Still, that darkness is one of the most defining features of Nemesis, and unlike previous attempts at “darkness” here things really feel like they’re in deadly earnest. First Contact had some darkness in it (beyond its colour palette, obviously), but, while it still remains the most straight-up entertaining of the four TNG films, the darkness at its core wasn’t really expanded on. There’s a chance that all of humanity could be wiped out by the Borg, and the Federation could be lost forever! Well yes, but First Contact is, and I don’t mean this pejoratively, a romp. For all the sense of danger (and it does have a sense of danger), it’s still a fun outing, fighting the Borg on the big screen while Our Captain Wrestles With Issues. The darkness that Nemesis works with is much bleaker, and it feels much less like Just Another Outing as a result. There’s something properly nasty about what Shinzon wants to do – Earth is threatened all the time, but there’s a certain remove when it’s being threatened by time traveling techno-zombies from the future. Shinzon’s weapon is much closer to having a real-world analogue – a dirty bomb, say – and thus seems much more realistic as a result, especially as we’ve already seen the Romulan Senate dying in agony as a direct result of the weapon. The fact that the direction is also strikingly different to what we’re used to leans in to the idea that this isn’t business as usual, and the result, tonally, is probably darker than anything TNG has achieved before. And then of course there’s the Troi rape. Mind-control-as-rape isn’t exactly a new concept in science fiction, or even Star Trek – the same thing basically happens to Troi in “Man Of The People”, after all. But again here there’s a realism and a… well, darkness, to what’s going on. The fact is that Shinzon only does this because he was “curious” – not even for pleasure, but just idle curiosity to wile away some time, just makes it all the nastier. This isn’t the cozy, brightly-lit old Enterprise–D with Beverly swooping in at the last moment to save the day with blue space-cardigan a-flapping, this is a ship of shadows and gloom, and what happens here is much more visceral. To the film’s credit, though, the fact that she’s raped – and Troi explicitly states that it’s a “violation” when reporting the incident in sick bay, even if it is a sci-fi mind-rape – isn’t played as a weakness on Troi’s behalf, and she’s allowed enough agency to be able to not only recover from this incident (and what’s really important here is that she actually addresses what happens to her, it’s not brushed off) but also to use it to her advantage later in the film. It’s a bold, strong piece of characterization for Troi, and the first and only time the movies actually do something progressive with her character. This gives us some indication of where Nemesis’s ambitions actually lie. By taking a character that has thus far been largely neglected in the sequence of movies, putting her through the wringer, but having her come out stronger and more resilient because of her experiences and, crucially, have her recover from them, we see the film making a proper attempt to do what TNG should do – use sci-fi allegories of real-life situations to aid understanding of those issues. But, and this is also extremely important, it means that the darkness of Nemesis doesn’t simply exist for its own sake – it’s not self-indulgent or just there to push buttons, but is used in a way that informs the characters we know and allows them to grow as a result. This is essentially a mirror of what Shinzon wants – his darkness is at its heart nihilism, so even when he realizes he can’t survive his own plan he still wants to destroy the Earth because ultimately he’s the embodiment of self-indulgent dark impulses – and the film’s script actively refutes this as a workable philosophy. That’s why the film is bookended by two much lighter scenes, the wedding and the wake (themselves mirrors of each other, of course, the beginning of a journey together, and the end) – the darkness never overwhelms the light, even when it threatens to do so.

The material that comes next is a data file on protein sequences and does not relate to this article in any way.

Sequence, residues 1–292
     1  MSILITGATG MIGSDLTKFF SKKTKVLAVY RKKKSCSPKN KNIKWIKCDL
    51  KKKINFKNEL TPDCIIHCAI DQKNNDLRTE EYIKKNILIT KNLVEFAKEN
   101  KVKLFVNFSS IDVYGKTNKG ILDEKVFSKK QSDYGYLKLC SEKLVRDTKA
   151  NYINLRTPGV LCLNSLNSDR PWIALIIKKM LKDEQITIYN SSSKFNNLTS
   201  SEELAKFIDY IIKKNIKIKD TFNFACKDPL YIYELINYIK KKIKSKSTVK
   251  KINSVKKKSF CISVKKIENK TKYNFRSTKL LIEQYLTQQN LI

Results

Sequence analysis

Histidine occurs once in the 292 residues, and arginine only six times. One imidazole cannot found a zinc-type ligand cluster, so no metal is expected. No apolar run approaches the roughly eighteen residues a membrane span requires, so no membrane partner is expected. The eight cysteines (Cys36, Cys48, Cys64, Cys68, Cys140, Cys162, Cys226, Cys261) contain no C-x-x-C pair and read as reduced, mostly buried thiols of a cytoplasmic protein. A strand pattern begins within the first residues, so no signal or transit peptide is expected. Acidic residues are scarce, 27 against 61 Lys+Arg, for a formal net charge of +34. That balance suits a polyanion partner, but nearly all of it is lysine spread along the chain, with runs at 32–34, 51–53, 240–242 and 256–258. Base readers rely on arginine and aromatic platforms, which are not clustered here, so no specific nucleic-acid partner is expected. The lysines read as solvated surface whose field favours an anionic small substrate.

Loss drips through Nemesis like water from a slime-covered pipe in a rusting hulk. Loss is everywhere here. If it is in loss that we find the binding theme of the TNG movie then it is in Nemesis that it finds its ultimate expression. We have loss of hope, in the idea that B4 could in some way be Data’s equal. We have the loss of belief from Picard, in Shinzon never being genuine about his desire for peace. We have Shinzon’s loss – his loss of purpose at his original mission (which is to say, the very reason for his existence) being discarded as just another failed policy from an uncaring government. He has everything stripped away from him, and it is his loss that drives the events of the film, forced to seek revenge for an injustice that it seems nobody even remembers any more. There’s a long scene between Picard and Shinzon about how different their lives might have been had their positions been reversed, and it’s telling that, even here, Picard can never quite drop his veneer of civilization just as Shinzon can never quite manage to maintain his. We all have a choice in how we behave, and Shinzon’s choice – to pursue his vengeance at all costs – is of course the mirror of Picard’s. Mirrors are very important in Nemesis – indeed there’s an argument that Nemesis is really about mirrors – and the script goes to some lengths to expand on this. Picard and Shinzon are mirrors of each other, naturally, just as Riker gets his own mirror-nemesis in his battle with the viceroy late in the movie (and “viceroy” is an interesting rank for Shinzon’s second-in-command to hold, given the colonialism issues of the last movie). We are told that Shinzon will be the “triumph of the echo over the voice” (more reflective surfaces, and a lovely expression). There’s the conceptual mirroring I mentioned earlier. All of this works to Nemesis’s advantage too – it gives a focus and dimension to the script, but does it on its own terms rather than, say, by quoting Shakespeare (The Undiscovered Country) or Moby Dick (First Contact, The Wrath Of Khan) as a way to add extra depth to proceedings. This means that the drama of Nemesis is actually the drama of Nemesis, not something that’s been ported over from another source. Whether this is entirely successful or not is a separate question, but Nemesis stakes out its own position and stick to it. This gives it both its own internal thematic unity and a thematic unity to the other TNG films. This is the end of the line for TNG but it crosses the finishing line under its own steam, not under borrowed steam from somewhere else.